When I first laid my hands on it I thought I was reading it wrong, as I myself often feel the uncontrollable urge to tell people searching for style to get a life – and so having the very source of evil inadvertently tell the same to its readers, thinking it is a clever play on words – well, that just brightened up my day.

I started flipping through the magazine and had to really fight my gag reflex. The pages were filled with pseudo-new-age mantras, one nauseating mantra before each of the magazine sections [emphasis and capitals theirs]: It’s not who you’re sleeping with BUT where in the lodging section, Food is like desire. It’s much better in a PRETTY package! in the dining section, It’s not who you’re talking to BUT what you’re talking with in the cell phones section, There are two ways to achieve HAPPINESS: Be in love or drink fine wine in the wine section, There’s electricity in the air GET IT! – yes, you guessed it – in the electrical appliances section.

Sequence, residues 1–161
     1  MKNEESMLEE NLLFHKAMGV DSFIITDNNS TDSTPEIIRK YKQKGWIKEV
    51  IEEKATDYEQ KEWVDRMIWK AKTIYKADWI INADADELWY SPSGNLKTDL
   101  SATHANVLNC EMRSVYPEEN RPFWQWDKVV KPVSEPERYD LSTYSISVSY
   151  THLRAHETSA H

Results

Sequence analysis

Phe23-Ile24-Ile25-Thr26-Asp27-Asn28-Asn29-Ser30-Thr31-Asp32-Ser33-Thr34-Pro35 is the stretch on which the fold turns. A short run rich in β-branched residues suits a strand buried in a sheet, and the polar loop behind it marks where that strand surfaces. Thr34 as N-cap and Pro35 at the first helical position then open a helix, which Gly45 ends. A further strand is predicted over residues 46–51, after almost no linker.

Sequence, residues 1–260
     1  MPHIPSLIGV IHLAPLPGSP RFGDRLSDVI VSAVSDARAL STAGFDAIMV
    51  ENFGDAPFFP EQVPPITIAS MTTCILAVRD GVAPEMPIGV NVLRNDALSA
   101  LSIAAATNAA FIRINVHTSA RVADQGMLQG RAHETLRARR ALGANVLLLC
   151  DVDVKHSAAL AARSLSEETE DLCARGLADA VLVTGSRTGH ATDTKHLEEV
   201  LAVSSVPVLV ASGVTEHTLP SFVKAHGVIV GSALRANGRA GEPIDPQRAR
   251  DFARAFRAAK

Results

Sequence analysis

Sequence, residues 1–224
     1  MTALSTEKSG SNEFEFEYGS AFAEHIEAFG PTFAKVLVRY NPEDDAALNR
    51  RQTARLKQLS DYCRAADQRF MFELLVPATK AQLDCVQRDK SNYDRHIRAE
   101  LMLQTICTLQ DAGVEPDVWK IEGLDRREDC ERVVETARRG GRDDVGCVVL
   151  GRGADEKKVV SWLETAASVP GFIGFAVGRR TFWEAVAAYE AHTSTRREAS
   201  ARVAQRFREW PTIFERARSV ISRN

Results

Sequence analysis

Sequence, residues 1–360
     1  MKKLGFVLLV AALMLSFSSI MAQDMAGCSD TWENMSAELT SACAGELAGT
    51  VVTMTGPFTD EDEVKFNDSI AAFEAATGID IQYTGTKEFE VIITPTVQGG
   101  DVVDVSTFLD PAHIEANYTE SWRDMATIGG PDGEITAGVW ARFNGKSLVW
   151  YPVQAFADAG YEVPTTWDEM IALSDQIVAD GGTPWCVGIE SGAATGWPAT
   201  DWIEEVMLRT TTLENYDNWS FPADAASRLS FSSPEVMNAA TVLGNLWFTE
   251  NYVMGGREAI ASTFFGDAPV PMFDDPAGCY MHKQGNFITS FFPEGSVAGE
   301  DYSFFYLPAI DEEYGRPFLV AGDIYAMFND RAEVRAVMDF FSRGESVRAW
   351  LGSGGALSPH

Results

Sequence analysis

And then I hit the mother lode in the accessories section:
[singlepic id=10 w=450 h=662 float=center]
You see, it is quite rare to be able to summarize a critique into a single sentence, much rarer to be able to summarize it to a single word – but to find one such word published by the very people the critique speaks against, well that is as close to force majeure as you can find.

Yes, excessories is exactly how I would spell the unnecessary daily purchases done by people trying to fill the void in their soul, and here it comes from the advertiser’s mouth. Oh! The humanity…

Epilogue: